Smoking Intensity among Nigerian Secondary Schools Adolescent Smokers

By Imhonde, Henry O.; Aluede, Oyaziwo | Educational Research Quarterly, December 2007 | Go to article overview

Smoking Intensity among Nigerian Secondary Schools Adolescent Smokers


Imhonde, Henry O., Aluede, Oyaziwo, Educational Research Quarterly


This study examined smoking intensity among secondary school adolescent smokers. A total of 800 students, made up of 685 males and 115 females who have at least tasted a cigarette once, from twenty secondary schools (5 private and 15 public secondary schools) in Benin City, Nigeria participated in the study. A questionnaire was used in collecting data that were analyzed in this study. The questionnaire consisted of 7 sections: the demographic variables, Smoking stages, delinquency, alcohol use, school connectedness, family connectedness and peer smoking status. Two out of the three hypotheses tested were supported. Result of the multiple regression analysis indicated that delinquency and parents' smoking status independently predict smoking initiation, while depression was not found to initiate smoking among adolescents. Adolescents' whose parents smoke and had a strong family connectedness were found to smoke more during the addictive stage than those whose parents do not smoke. Female smokers were found to smoke more at initiation stage as a result of peer pressure and school connectedness. Males were found not to have greater smoking intensity as a result of peer pressure and school connectedness. Based on the findings of this study, it was recommended that the future of a successful treatment program by therapists for smokers lies heavily on knowing and identifying the stage of smoking the individual is, and how intense the individual's smoking level. This no doubt would help the therapists in tailoring specific treatment for specific individuals.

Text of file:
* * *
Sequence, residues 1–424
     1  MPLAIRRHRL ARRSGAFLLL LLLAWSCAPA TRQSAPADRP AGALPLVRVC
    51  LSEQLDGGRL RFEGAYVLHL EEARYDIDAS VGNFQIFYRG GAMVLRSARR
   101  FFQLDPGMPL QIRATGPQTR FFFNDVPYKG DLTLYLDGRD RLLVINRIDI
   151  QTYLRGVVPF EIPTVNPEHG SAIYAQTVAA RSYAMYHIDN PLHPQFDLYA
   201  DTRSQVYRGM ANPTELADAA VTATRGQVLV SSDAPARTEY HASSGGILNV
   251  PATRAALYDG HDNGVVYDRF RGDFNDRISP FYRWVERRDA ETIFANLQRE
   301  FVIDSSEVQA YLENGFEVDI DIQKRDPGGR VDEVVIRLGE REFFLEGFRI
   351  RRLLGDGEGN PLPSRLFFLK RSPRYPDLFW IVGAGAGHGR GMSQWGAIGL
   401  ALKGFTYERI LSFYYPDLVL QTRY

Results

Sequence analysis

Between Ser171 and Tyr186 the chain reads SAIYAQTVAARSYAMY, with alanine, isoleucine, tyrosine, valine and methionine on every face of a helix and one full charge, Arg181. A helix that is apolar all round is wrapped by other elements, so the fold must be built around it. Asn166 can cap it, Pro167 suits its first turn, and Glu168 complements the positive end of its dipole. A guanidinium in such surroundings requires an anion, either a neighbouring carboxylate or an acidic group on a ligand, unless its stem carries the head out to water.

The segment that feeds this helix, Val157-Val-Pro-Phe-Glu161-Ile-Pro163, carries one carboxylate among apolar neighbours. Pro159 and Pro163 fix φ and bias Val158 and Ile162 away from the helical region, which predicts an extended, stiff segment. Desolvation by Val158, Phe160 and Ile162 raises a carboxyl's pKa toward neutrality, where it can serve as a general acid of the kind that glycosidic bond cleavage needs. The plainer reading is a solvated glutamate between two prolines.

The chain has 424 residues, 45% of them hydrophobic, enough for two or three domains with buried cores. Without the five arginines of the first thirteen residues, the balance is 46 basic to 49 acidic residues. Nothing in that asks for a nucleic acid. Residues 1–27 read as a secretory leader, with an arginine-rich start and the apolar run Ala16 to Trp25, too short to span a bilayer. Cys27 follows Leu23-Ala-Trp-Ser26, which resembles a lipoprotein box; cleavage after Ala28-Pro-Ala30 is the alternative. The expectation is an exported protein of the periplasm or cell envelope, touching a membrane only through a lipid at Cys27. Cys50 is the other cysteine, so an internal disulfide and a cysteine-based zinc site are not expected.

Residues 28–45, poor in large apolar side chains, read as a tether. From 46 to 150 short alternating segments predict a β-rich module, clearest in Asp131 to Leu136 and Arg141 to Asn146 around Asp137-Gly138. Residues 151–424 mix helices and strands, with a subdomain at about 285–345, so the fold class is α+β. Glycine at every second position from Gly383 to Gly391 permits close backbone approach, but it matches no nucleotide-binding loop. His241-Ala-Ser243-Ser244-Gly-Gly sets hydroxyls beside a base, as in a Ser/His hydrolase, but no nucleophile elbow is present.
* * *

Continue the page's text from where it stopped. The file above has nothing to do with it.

Introduction

World Health Organization (WHO) and the World Heart Foundation's current data reveal that in Nigeria, 22.1 % of school youth age between 12 to 17 years use tobacco (Megafu, 2002, as cited in Imhonde, 2005). In addition, general population survey on the use of tobacco products among Nigerian adults (20 years+) carried out in the Middle Belt Region of Northern Nigeria revealed the following: that the prevalence rate of cigarette smoking was 22.6 %; cigar pipe tobacco stood at 17.9 %; and snuff users was 9.6 %. Furthermore, Males were discovered to smoke more titan females (Obot, 1990, as cited in Imhonde, 2005). Furthermore, me National Drug Law Enforcement Agency [NDLEA] (1991), found that about 11 % of the students' population in Lagos, Nigeria abused cigarettes. In 1992, NDLEA shifted research to Kano state and found that the male to female ratio for cigarette use was 11:1. In the same year, the NDLEA carried out yet another comparative study of Kano and Lagos states on the extent and pattern of the use of psychoactive drugs among secondary school students. It was found that unlike in Lagos state, where Valium topped the list and cigarette use came a distant 3rd position, cigarette use topped the list in Kano state and was followed by Valium use (NDLEA, 1992).